Condos are very often touted as being an affordable alternative to a single-family home. And, for sure, they are certainly that. Condos can reach a height of luxury though that many would not expect. The only thing that designates a condominium as such is that it is a single housing unit within a complex of others. This of course means that certain amenities are shared – but also that they are taken care of. And just as hotels – which are a series of small living units within a larger complex – can range from the most basic to the very heights of luxury, so too can condos range vastly in style, value, and relative grandeur.
City Home Collectiveis a real estate brokerage specializing in luxury homes and condos. Their experts suggest that, because condos can vary so widely along many metrics of quality, it is unfortunately the case that there are plenty of bad condos out there on the market – the types of condos you should avoid. But how do you go about avoiding them? And how can you make sure you can swerve the property before it is too late? Condos can often fall rather short of expected quality standards, and the problems with them are not always immediately obvious.
Common Problems with Condos
There are several things that could theoretically go wrong with a condo. Many of these will revolve around maintenance, specifically maintenance of the areas of the property that should not be your responsibility. The whole point of having a condo is that responsibility for maintaining hallways, gyms, pools, and other amenities is alleviated. But if you are not taking care of these areas, then that responsibility is suddenly in someone else’s hands.It is here where most problems arise.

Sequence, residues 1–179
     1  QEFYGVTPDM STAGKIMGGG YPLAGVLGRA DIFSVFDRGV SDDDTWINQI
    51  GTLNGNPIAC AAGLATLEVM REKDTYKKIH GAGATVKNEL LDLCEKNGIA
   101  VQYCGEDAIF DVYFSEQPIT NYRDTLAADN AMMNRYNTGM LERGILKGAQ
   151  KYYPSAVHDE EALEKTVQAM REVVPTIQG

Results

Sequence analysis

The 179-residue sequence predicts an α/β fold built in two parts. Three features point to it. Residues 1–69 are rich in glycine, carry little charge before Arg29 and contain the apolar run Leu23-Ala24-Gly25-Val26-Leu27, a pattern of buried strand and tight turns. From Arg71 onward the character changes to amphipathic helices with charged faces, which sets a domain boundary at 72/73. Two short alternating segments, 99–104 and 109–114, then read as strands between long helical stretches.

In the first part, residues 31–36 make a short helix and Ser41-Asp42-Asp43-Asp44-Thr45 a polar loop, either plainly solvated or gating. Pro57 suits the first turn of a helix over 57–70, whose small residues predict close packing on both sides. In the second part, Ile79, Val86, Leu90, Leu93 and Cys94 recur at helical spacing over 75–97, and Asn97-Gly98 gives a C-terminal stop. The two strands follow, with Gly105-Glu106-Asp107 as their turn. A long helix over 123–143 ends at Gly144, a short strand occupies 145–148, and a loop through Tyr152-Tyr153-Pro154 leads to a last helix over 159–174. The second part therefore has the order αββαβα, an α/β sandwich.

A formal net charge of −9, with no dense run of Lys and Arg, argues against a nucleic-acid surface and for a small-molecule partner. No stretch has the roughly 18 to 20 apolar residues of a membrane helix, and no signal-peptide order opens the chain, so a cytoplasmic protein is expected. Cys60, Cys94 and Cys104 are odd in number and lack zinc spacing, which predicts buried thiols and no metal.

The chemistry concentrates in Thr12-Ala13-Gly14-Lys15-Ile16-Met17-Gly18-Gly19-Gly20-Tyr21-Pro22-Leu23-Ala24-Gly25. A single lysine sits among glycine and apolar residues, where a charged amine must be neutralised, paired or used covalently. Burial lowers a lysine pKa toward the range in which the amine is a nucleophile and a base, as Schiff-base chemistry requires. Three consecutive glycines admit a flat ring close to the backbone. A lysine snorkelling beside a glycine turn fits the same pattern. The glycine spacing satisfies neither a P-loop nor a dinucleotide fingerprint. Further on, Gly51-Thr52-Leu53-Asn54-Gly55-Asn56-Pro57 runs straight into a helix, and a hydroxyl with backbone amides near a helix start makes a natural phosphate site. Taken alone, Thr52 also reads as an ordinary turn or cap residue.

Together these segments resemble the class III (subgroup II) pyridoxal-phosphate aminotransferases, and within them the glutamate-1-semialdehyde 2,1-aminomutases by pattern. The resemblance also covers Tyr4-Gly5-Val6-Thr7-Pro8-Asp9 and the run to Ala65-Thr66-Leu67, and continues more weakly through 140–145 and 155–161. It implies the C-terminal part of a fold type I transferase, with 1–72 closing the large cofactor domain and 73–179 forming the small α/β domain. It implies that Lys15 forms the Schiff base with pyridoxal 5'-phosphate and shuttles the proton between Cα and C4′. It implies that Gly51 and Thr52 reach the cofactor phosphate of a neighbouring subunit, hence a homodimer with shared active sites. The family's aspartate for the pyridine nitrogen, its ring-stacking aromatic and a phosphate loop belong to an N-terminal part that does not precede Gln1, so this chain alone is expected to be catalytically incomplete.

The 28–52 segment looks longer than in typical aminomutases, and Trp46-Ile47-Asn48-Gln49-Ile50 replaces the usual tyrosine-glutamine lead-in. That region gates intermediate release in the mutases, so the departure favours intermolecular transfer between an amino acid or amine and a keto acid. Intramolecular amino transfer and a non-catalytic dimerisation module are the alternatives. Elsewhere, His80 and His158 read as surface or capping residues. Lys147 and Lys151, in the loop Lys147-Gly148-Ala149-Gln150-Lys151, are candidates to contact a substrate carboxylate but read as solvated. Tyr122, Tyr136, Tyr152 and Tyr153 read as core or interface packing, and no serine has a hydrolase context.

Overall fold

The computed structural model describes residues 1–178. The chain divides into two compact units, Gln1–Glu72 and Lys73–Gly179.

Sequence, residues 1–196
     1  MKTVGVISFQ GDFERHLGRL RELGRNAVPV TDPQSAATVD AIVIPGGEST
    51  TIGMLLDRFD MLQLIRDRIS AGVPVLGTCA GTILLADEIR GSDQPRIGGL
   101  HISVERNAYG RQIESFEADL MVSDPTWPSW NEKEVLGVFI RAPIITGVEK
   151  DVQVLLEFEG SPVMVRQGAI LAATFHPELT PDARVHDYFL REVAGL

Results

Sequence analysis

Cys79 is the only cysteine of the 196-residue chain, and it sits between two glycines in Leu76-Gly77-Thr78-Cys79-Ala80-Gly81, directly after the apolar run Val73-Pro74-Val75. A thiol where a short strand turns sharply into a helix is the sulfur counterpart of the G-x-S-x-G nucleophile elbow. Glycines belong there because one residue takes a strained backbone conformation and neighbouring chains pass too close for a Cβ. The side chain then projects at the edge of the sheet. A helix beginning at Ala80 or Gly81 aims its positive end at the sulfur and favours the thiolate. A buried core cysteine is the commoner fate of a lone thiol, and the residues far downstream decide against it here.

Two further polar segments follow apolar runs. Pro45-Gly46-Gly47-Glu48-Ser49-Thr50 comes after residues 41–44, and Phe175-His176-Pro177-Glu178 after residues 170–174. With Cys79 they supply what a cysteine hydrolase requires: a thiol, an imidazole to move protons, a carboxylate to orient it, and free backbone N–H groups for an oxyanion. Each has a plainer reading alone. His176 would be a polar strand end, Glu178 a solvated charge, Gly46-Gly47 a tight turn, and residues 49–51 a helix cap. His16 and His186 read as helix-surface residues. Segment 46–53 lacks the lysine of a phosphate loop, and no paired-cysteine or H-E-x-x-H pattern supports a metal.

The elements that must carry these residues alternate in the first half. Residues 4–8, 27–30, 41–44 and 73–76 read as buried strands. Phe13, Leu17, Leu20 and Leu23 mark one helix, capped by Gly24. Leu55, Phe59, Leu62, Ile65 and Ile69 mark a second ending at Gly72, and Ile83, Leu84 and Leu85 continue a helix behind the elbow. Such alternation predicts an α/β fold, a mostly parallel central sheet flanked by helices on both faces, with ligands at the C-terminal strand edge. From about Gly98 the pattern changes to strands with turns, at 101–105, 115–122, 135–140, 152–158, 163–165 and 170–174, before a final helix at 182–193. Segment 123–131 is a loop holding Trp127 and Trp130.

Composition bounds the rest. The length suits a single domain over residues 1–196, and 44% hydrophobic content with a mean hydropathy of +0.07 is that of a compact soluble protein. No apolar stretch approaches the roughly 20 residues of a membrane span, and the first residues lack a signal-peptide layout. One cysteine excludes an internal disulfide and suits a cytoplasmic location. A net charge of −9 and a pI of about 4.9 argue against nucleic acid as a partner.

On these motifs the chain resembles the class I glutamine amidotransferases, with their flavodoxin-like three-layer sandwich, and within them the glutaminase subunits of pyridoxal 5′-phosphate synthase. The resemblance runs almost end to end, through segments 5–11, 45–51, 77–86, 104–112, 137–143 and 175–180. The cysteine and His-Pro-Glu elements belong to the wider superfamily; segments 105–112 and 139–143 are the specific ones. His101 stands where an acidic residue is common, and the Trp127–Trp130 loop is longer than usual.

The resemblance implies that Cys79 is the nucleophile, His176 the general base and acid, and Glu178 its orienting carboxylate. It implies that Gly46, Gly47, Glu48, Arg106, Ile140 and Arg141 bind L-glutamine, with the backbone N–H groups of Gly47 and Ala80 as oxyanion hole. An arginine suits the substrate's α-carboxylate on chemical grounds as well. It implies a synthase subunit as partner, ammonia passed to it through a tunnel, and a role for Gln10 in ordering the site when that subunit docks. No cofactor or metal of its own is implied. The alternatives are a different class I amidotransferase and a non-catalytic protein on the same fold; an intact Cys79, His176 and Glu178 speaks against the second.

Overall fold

The Red Flags
It should be noted that all the traditional problems we would expect to find in a house can obviously also apply to condos. With that in mind then, here are the problem indicators – the red flags – which should alert you to a condo not worth purchasing.
It is pretty rare that a condo board will straight up refuse to maintain certain areas within the condo complex (and you should definitely take that as a red flag), but it is far more common to see maintenance continually deferred. Even if they eventually get round to it, purchasing such a condo could see you living with problems for a long time before they get fixed. Ask about repairs, maintenance and how promptly they are carried out.
Lack of Info on Association Fees
It should always be possible to obtain a full accounting of the fees you’ll owe on an annual basis for the upkeep of the condominium. If this information is not immediately forthcoming, the chances are that you’ll be paying over the odds. Avoid if this is the case.
Neighbors Not Paying Homeowner Association Fees
If the neighbors in your prospective condo (whom you should always try to speak to) are not paying HOA fees, then the chances are they are themselves dissatisfied with the condo and are not interested in its proper upkeep. Do not become one of them.